These claims raise fundamental questions for gender activists and CSOs: what is ‘rigorous’ research, and should such research disqualify human beings and their condition as starting points for analyses? Who set the criteria and for what purpose? How can the immediate needs of the communities be addressed without losing sight of the larger macroeconomic policy issues? How can one go beyond coping strategies so as to develop real alternatives?

The responses to these questions should take into account the depoliticisation of gender issues by most of the donors. Gender analysis is increasingly reduced to technical and sectoral matters and is not being used as a political tool for women’s emancipation and empowerment. Similarly, some of the central concepts in feminist analyses have been hijacked and ‘neutralised’ to maintain the status quo in the basic economic power relations.

The politics of globalisation or how to improve the management of exclusion

In political terms, globalisation is a process of exclusion, not inclusion, of Africa, in contrast with the early stages of capitalist development. The focus on liberalisation, privatisation, and promotion of foreign direct investment in African countries during the last two decades has led, among other things, to a decline in the share of world trade for African goods and overseas development assistance (ODA).

The process of exclusion also operates along gender lines, as seen in the increasing dependence on women and children as unpaid labour in the informal sector and smallholder farms.

Despite these realities, the globalisation process itself is presented in the dominant official discourse as a benign process: as the UN Secretary-General, Kofi Annan, put it during the opening ceremony of the Geneva 2000 Forum, people are poor ‘not because they have too much globalisation but too little...’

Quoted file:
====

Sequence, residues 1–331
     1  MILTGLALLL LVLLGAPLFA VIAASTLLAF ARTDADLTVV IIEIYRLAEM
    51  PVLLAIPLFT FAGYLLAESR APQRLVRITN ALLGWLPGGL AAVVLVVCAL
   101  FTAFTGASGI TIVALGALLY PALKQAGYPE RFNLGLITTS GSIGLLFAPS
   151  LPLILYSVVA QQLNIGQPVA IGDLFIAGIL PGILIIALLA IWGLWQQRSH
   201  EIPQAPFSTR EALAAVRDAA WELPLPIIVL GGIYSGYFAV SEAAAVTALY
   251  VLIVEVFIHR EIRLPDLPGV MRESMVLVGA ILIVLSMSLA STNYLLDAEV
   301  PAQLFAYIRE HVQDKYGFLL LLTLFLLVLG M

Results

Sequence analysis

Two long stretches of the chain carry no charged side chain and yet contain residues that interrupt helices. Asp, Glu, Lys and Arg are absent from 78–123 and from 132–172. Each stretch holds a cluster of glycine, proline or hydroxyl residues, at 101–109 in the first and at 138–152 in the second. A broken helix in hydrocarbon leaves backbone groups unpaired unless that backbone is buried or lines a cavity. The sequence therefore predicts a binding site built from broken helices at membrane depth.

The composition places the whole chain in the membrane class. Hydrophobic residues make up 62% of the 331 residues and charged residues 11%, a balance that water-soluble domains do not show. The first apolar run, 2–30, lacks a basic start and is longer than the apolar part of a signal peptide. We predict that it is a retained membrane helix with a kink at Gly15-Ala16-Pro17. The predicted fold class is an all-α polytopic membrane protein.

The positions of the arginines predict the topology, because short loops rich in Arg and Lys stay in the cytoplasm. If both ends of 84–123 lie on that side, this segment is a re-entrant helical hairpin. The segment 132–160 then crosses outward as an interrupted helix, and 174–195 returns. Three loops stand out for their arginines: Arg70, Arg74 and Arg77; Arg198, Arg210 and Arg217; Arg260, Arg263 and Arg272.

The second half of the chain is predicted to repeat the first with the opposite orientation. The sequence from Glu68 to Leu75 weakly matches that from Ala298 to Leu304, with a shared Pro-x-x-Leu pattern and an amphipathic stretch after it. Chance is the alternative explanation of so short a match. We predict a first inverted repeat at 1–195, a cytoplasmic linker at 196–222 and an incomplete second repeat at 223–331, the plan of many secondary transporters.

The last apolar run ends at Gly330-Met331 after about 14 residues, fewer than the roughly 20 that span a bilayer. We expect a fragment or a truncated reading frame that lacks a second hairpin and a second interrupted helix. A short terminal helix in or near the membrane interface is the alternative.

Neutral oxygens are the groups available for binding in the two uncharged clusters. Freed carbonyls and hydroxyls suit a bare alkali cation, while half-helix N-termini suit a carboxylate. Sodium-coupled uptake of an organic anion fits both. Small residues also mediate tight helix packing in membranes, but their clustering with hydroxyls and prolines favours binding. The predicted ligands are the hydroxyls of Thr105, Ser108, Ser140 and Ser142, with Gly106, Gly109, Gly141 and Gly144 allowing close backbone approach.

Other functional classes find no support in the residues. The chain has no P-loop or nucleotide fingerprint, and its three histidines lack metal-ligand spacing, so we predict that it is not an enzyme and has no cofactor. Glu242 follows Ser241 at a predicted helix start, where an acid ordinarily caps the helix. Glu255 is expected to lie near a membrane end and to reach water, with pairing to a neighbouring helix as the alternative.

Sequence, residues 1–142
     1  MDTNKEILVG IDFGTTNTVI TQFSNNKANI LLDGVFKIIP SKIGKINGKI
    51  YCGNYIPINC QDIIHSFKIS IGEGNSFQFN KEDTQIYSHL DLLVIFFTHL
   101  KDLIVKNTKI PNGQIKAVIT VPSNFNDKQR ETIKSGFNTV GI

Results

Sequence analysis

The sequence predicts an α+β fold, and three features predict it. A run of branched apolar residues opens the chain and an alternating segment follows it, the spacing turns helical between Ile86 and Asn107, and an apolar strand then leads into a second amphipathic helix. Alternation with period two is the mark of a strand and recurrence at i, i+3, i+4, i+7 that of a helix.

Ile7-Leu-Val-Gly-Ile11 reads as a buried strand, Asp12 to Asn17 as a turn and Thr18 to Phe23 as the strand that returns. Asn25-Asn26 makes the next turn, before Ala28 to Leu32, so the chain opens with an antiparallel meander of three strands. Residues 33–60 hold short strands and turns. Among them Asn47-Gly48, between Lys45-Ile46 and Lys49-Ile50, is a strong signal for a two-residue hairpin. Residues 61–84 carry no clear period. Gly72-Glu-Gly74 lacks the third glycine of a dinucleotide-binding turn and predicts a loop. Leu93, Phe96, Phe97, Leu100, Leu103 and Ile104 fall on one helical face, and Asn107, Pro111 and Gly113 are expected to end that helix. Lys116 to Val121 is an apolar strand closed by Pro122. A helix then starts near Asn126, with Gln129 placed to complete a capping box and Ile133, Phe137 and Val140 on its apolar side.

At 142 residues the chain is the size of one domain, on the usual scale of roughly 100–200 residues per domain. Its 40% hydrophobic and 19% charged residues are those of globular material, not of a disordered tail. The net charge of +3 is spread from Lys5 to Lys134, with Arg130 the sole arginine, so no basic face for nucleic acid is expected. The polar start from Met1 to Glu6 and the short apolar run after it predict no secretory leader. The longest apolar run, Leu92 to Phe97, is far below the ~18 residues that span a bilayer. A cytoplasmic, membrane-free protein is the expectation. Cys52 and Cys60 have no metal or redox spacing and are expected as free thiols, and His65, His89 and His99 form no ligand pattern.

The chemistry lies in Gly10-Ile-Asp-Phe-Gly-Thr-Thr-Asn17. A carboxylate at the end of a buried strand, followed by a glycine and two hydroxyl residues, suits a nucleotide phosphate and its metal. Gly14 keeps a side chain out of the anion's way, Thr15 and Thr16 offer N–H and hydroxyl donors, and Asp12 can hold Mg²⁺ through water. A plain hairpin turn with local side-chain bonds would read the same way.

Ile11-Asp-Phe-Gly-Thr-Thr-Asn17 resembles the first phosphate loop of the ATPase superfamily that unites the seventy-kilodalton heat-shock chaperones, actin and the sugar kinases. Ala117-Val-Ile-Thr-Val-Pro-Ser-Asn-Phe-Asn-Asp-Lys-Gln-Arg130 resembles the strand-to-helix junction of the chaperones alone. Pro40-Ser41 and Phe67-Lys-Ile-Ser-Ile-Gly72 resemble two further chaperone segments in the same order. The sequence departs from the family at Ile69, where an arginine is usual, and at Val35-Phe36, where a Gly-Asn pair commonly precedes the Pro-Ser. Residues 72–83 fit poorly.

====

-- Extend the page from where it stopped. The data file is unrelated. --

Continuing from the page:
Annan conceded that many people are being hurt in a globalising planet, but ‘not from globalisation itself but from the failure to manage its adverse effects’. It appears that initiatives such as the World Bank-led Heavily Indebted Poor Countries (HIPC) Initiative and the Poverty Reduction Strategy Paper (PRSP) process are part of such management.

Ultimately, they are meant to better manage the exclusion of whole segments of populations from the global market, using a core feminist principle such as ‘participation’ to meet needs and interests that are not those of the marginalised groups, especially women. The civil society participation called for in the PRSP process is mainly meant to help legitimise economic reforms and globalisation.

As part of the conditionalities of HIPC, CSOs - including some of the most radical ones - have been involved in these processes and believe that they are part of a new transformation.

On the other hand, while CSOs and feminists have succeeded in mainstreaming gender issues into some African government budget-making processes under the Gender Budget Initiative (GBI), the ultimate outcome and meaning of the GBI raise a critical question about the use of another core feminist concept, which is gender mainstreaming: is this gender mainstreaming or domestication, in the context of existing policies and government structures of power, and in the absence of any call for a radical change in macroeconomic policies on the part of the concerned CSOs?

The main lesson learned from the experience of Tanzania is the danger of co-optation by the global management system and, subsequently, of losing the ability to resist the dominant ideology and to identify alternative macroeconomic policy reform.

The political economy of investment and trade liberalisation

Investment and trade liberalisation are an essential part of the global management system. Indeed, during the last two decades, trade policy reform and foreign investment have become key elements of the internal policy changes and strategies aimed at consolidating the economic reforms undertaken under the Structural Adjustment Programmes (SAPs) in African countries.

The structural reforms carried out by African countries are being institutionalised by multilateral arrangements based on trade policy reform and foreign investment such as the World Trade Organisation (WTO), the Lome Convention and the US Africa Growth and Opportunity Act.

Altogether, they seek to underpin relationships with Africa on a new agenda of investment and trade liberalisation.